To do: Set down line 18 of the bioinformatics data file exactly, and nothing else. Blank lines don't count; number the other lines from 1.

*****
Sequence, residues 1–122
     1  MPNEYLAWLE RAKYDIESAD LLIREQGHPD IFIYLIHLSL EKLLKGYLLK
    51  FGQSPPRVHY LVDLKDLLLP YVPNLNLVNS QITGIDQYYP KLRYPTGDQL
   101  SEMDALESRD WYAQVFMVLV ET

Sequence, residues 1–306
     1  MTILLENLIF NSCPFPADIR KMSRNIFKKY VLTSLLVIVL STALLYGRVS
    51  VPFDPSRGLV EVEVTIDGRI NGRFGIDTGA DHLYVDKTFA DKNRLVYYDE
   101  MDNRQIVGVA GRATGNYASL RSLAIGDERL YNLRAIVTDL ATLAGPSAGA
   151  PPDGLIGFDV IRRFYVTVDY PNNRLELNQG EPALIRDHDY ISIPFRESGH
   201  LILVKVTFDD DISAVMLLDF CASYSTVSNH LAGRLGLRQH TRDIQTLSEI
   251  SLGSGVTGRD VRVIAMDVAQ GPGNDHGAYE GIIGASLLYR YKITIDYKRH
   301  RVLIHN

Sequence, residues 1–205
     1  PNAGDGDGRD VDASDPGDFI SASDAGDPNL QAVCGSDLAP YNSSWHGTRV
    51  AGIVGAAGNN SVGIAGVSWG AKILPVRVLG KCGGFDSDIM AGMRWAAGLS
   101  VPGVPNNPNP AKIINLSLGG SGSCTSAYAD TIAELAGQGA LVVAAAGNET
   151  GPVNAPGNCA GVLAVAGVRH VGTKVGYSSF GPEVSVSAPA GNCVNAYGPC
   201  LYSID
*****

   201  LYSID